“Game over,” Hunter said across the table, pushing back his chair. “Sorry, you’re dead, Violet. Thanks for playing.” “You shouldn’t have let him ghost your machine,” James said. He was looking over her shoulder. “He installed our virus checker.” She looked at her screen a while longer. When the network activity stopped, she closed the lid and rested her elbows on the table. “And not only did we bust your virus,” Hunter said, “but we got a copy of its signature, so we can spot it if it shows up any-where else. You’re history.” Violet glanced at the hub, a squat, plastic box routing traffic between the server and PCs. Its green lights were flashing. “So my virus is getting transmitted to the server.” “No, not your virus. Its signature. Big difference.” The hub’s lights were increasingly active. The geeks eyed it. Flash-flash-flash-flash. Violet said, “Then your server transmits my virus to the checkers on every PC. Right?” “No, no, no.” Hunter’s eyes flicked to the hub. “Virus check-ers don’t store actual viruses. They store patterns.” “My virus checker is updating,” one of the other geeks said. “Mine, too.” “It’s meant to!” Hunter said. “Be cool, guys. It’s inoculating us.” “You have a lot of faith in your checker,” Violet said, “for a product with buffer-overrun issues.” Hunter stared. “Last chance,” she said.

It was a small noise, and to anyone but tech-heads, hardly noticeable. From each PC: chik-chik-chik-chik-chik— “Shit!” Saqlain said. “Disk activity—” “Me too—” The machines crashed together. The geeks stared at dark screens. Each computer beeped simultaneously, rebooting. Violet knew what they were looking at now, a screen that said: BOOT DISK FAILURE: INSERT SYSTEM DISK. This meant that either someone had unscrewed each computer and removed the hard drive, or the disks had been trashed so thoroughly the computers couldn’t tell if they were still there.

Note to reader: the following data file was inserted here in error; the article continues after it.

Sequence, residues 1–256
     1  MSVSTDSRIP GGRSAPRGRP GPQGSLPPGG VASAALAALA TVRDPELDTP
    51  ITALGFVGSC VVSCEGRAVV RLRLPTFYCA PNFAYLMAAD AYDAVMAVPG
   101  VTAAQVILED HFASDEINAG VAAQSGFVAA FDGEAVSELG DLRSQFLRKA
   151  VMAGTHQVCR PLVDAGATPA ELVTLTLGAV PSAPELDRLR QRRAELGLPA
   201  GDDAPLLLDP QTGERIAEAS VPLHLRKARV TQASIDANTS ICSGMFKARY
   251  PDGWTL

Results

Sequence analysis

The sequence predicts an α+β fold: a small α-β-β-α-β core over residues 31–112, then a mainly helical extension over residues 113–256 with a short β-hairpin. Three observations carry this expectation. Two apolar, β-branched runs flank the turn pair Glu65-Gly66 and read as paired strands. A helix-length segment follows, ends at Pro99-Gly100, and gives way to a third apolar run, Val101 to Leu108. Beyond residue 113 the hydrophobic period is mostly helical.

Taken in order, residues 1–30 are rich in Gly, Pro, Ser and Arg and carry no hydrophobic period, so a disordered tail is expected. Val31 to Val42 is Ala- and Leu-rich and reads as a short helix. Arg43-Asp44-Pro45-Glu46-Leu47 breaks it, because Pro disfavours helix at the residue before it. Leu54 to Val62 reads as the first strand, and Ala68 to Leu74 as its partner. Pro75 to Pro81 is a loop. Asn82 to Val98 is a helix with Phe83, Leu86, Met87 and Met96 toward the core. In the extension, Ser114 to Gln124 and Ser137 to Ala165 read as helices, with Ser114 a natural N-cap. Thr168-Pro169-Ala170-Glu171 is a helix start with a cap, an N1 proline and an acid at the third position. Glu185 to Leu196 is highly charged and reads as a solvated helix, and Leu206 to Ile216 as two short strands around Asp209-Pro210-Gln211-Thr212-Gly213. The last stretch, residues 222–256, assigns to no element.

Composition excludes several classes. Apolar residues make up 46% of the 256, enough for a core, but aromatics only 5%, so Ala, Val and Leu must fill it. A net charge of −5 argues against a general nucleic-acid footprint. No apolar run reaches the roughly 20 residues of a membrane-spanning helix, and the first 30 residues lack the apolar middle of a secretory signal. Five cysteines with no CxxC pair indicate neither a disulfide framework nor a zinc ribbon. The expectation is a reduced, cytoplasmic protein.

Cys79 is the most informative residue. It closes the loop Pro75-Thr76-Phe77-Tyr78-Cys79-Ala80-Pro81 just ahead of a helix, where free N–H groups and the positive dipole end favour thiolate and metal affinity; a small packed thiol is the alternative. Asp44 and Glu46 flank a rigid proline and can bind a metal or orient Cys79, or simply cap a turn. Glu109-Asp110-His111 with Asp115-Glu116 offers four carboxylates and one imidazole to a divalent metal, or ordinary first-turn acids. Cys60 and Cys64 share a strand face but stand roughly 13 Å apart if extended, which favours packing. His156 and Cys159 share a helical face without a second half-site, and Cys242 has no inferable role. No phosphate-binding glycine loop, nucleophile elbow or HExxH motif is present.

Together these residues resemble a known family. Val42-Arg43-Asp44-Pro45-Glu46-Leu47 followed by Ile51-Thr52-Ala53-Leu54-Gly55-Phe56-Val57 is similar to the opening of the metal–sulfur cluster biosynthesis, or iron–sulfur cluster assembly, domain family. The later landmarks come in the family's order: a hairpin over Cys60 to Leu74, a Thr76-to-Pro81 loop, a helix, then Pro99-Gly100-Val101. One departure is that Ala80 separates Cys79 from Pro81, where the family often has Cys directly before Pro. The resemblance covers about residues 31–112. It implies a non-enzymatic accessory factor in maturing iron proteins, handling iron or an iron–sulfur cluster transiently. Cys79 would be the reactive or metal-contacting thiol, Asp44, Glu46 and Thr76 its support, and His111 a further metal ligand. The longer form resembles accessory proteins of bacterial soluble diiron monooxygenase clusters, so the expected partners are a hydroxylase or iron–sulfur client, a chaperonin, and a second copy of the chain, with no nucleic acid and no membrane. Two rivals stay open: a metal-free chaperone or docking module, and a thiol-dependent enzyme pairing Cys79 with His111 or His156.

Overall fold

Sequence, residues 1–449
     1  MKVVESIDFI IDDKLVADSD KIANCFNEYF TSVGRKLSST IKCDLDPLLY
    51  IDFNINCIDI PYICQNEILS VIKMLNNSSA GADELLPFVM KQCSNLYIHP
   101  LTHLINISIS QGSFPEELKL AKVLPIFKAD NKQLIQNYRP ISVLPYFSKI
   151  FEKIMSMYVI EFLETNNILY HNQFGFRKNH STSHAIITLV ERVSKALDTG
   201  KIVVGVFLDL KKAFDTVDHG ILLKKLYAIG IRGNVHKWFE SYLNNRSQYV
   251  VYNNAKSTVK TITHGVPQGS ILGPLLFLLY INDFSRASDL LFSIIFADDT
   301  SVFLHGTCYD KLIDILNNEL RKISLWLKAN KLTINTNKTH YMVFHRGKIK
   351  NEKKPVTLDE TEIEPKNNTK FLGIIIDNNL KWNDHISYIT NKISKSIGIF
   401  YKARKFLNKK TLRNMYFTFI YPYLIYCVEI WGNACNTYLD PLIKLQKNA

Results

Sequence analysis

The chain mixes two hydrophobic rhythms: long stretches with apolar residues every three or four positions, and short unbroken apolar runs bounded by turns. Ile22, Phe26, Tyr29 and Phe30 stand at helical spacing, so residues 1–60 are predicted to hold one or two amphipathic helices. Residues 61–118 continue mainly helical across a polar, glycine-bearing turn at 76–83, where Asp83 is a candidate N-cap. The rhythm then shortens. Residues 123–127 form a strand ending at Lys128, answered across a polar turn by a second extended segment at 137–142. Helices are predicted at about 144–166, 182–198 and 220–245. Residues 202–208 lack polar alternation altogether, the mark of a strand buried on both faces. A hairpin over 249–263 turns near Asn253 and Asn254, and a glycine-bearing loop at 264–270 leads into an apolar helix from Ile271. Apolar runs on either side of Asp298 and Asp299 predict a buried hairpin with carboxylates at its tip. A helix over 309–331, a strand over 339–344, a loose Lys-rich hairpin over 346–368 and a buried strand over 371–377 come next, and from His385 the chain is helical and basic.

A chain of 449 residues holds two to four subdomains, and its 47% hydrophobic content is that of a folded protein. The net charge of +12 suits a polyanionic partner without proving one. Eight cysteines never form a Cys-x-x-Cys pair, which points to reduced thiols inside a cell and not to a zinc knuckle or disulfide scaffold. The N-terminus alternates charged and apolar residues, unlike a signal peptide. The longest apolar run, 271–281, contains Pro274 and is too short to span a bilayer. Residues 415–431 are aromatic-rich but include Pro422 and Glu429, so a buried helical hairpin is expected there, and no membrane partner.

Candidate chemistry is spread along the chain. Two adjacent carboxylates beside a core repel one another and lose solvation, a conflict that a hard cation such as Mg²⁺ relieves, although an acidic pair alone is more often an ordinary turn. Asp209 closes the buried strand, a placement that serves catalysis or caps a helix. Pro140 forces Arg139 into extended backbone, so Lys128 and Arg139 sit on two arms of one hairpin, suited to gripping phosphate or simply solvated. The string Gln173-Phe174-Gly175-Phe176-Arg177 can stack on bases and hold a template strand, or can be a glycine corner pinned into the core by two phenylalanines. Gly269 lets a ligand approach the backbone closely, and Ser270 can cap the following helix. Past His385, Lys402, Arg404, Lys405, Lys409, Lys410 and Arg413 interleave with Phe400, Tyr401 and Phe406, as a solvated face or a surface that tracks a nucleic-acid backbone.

“Jesus, she wiped the master boot record!” “Did you go through the virus checker?” Saqlain asked, as-tounded. “Did you send a worm through the virus


She swiveled her chair to see the lights on the HP server lock up. When that was done, she turned to Rendell. “Interested?”

Rendell looked from his server to his dead PCs. “It could have been your whole company,” Violet said. “Not just this room. You tell me: how vulnerable do you want to be?”

“Whoa, whoa,” Hunter said. “You know, I hate to ruin the party, but we don’t need to buy anything from you. I can recover this thing. Two seconds of disk activity, it’ll be somewhere.” “Whatever you can recover from those drives,” she said, “you’re welcome to.” Silence. Rendell lifted his chin. “James? Cancel our other applicants, please.”